Harvey Mackay Academy's Blog

An office supervisor called an assistant in to give her the bad news that she was being fired. He started the conversation with: “Miss Johnson, I really don’t know how we’re going to get along without you, but starting Monday, we’re going to try.”

Tact is the art of making a point without making an enemy. The best advice is to say the right thing or say nothing. Choose your words carefully. As Abraham Lincoln put it, “Better to remain silent and be thought a fool than to speak out and remove all doubt.”

Another U.S. President, Harry Truman, said, “Tact is the ability to step on a man’s toes without messing up the shine on his shoes.”

Tact is especially important in delivering bad news. Handled correctly tact can build credibility and strengthen your reputation, while preserving existing relationships. A tactful approach demonstrates professionalism and good manners, which can lead to career opportunities. Tact is critical for business and life success in handling interactions. Without tact we lose friends and other relationships, respect, work and money.

Tact, as defined by Merriam Webster’s dictionary is, “A keen sense of what to do or say in order to maintain good relations with others or avoid offense.”

How many times have you said something without thinking it through and then regretted it? I would venture to say we’ve all been guilty. Tact comprises many things including compassion, courtesy discretion, diplomacy, respect and thoughtfulness.

Often we are so focused on achieving results that we forget how we come across to other people. Seek out a group of people you trust who can give you valuable feedback on your communication skills. Be open to their suggestions and work on improving.

It’s important to note that tact is more than language. Tact encompasses how people react to situations and includes body language such as pacing or facial expressions – frowns, sighs or a rolling of eyes.

Tact wins friends; the lack of it often loses them. Tactful people make friends because they have a way of drawing people out and inducing them to express the best within them.

What tact does not include is dishonesty. Sometimes it involves sugar-coating the words so they are easier to hear. Even then, you must be careful not to overdo the syrup or the message may get lost.

Once two rival hatters visited President Abraham Lincoln, each of whom presented him with a hat he had made. After the presentation, both hatters stood back expectantly awaiting Lincoln’s comments.

Lincoln looked over the two hats very carefully and then remarked solemnly, “Gentlemen, they mutually excel each other.” Now that is tactful!

One of the worst things you can do is to let your emotions get the best of you. Calm yourself down in stressful situations by taking a break, going for a walk or whatever technique will help you maintain your composure. Learn to control your emotions. As the saying goes, you can’t “unring the bell.” Stop and think before you speak.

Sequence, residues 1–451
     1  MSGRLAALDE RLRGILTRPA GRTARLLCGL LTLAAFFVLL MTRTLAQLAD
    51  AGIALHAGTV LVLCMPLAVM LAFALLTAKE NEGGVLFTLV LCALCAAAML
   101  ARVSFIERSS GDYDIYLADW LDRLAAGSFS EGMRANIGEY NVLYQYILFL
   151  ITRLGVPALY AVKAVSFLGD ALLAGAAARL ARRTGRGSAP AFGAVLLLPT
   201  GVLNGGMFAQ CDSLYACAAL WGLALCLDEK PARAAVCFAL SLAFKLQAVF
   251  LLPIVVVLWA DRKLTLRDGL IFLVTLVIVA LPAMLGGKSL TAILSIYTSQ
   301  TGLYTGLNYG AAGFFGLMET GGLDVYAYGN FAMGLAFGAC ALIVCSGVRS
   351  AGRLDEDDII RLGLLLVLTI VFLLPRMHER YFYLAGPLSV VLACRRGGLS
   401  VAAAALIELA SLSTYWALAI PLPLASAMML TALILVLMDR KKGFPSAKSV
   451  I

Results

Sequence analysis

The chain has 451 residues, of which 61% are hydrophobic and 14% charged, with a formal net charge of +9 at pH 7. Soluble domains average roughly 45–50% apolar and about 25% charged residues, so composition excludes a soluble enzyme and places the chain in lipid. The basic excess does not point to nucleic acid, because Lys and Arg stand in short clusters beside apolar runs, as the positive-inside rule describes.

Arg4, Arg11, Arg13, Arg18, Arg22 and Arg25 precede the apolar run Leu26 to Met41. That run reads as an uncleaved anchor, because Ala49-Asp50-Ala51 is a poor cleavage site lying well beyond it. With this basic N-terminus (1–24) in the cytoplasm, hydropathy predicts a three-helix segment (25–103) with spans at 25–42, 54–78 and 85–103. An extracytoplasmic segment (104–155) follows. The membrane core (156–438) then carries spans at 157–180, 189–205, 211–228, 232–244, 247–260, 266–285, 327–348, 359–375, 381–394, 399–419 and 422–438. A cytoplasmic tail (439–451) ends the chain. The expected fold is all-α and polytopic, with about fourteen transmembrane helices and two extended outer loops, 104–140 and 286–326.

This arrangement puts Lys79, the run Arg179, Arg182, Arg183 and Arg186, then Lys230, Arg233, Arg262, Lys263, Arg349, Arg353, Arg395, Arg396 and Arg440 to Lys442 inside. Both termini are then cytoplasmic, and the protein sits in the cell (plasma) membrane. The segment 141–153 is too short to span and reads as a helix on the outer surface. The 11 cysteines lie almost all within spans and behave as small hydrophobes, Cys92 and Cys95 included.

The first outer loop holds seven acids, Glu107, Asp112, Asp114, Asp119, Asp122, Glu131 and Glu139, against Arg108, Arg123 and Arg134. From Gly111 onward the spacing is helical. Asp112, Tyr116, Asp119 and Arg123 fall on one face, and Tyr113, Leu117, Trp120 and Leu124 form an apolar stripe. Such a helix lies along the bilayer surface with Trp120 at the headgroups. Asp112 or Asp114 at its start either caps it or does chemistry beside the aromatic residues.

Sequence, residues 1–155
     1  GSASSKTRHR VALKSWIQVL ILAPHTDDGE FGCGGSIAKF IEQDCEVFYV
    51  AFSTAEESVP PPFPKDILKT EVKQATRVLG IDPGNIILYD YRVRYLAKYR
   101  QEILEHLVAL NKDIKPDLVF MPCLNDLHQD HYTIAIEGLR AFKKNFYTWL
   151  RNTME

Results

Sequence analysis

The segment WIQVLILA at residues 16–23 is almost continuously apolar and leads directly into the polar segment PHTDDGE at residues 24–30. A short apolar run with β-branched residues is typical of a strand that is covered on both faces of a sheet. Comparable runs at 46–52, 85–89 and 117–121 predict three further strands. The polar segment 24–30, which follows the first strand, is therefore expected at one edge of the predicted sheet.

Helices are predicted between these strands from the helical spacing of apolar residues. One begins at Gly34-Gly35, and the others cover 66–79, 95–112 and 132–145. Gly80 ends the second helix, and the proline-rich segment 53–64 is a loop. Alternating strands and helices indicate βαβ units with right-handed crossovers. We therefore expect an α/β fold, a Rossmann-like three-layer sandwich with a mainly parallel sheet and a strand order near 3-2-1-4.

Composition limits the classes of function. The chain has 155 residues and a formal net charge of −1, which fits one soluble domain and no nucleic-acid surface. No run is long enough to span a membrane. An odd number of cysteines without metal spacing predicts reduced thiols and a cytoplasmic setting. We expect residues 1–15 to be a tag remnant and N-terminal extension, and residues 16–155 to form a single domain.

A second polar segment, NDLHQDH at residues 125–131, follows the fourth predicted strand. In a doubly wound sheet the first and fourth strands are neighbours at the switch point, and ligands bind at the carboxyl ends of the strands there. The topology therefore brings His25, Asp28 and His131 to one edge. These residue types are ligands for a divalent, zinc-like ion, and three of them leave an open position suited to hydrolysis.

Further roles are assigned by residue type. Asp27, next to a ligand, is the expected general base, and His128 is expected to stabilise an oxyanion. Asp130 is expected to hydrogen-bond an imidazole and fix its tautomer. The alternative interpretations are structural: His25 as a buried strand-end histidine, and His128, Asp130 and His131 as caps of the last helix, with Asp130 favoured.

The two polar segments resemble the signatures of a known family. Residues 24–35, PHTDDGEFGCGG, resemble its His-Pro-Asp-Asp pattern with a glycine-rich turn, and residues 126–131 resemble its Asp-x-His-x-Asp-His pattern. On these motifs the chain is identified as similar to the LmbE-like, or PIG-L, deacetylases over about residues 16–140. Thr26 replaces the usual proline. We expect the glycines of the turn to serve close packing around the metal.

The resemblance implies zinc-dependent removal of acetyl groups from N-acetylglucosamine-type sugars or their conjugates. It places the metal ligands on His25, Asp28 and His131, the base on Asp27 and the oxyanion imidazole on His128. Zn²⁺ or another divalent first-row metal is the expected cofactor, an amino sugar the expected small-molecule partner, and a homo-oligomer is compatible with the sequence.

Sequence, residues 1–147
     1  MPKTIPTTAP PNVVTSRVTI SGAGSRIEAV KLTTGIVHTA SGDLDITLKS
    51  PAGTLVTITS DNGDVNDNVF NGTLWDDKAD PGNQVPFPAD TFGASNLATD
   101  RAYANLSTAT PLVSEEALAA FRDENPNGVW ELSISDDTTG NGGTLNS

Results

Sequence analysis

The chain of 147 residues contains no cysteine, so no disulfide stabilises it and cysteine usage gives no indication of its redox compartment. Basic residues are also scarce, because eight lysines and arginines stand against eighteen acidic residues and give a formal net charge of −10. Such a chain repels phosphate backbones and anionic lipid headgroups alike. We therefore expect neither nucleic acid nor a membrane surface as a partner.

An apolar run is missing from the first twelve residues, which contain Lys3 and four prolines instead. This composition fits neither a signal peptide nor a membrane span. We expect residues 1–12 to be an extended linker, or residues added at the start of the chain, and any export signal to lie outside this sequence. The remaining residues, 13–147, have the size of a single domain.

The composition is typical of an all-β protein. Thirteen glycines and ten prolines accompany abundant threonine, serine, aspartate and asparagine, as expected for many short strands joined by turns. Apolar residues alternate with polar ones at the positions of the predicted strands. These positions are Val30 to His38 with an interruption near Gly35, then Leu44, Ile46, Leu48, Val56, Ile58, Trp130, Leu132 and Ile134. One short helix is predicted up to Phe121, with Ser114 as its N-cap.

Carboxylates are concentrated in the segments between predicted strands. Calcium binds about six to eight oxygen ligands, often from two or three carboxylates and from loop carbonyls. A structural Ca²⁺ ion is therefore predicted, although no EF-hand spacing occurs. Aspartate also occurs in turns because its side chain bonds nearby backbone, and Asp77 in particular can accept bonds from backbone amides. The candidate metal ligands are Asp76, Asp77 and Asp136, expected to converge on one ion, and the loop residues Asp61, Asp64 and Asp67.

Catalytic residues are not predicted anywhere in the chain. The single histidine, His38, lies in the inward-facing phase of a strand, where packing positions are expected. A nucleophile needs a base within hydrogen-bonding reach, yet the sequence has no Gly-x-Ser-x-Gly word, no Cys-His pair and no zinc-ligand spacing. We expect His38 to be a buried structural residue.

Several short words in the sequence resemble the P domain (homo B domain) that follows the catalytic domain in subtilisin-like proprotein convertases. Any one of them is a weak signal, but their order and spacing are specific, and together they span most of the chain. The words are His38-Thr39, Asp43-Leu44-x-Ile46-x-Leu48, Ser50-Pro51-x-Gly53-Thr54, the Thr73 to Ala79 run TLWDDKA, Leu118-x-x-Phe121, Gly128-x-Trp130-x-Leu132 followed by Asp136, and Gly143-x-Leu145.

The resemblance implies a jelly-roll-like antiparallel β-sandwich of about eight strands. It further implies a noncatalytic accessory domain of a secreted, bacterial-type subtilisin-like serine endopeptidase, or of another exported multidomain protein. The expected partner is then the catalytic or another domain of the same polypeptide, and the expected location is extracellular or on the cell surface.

Our society has become increasingly accustomed to spouting the first sentiment that comes to mind – just look at the comments sections online to see how people respond to situations. I would hope that those folks would be less inclined to be so uncivil if they were interacting face-to-face.

Tact is probably the hardest when disagreements pop up, creating tension. Be open minded and listen to the other side, and perhaps that will encourage them to listen to your point of view too. It’s ok to respectfully disagree but keep it civil.

Benjamin Franklin said, “If you must speak your mind, then mind how you speak.”

Tact is the ability to think of things far enough in advance not to say them. And for the times when you’re not as diplomatic as you should be, you need to be quick on your feet.

A loud Army sergeant is drilling some recruits when he gets a message that the grandmother of one of them has died, so he shouts, “Jones, your grandmother died!” And Jones promptly faints.

The sergeant’s superior officer takes him to the side afterwards and tells him he should be a bit more tactful about such things.

A week later the sergeant gets word that Smith’s grandfather has passed away. The sergeant enters the barracks and calls everyone to attention announcing, “All those with living grandfathers step forward. Not so fast, Smith.”

Mackay’s Moral: People with tact have less to retract.

About the Author

Seven-time, New York Times best-selling author of "Swim With The Sharks Without Being Eaten Alive," with two books among the top 15 inspirational business books of all time, according to the New York Times. He is one of America’s most popular and entertaining business speakers, and currently serves as Chairman at the MackayMitchell Envelope Company, one of the nation’s major envelope manufacturers, producing 25 million envelopes a day.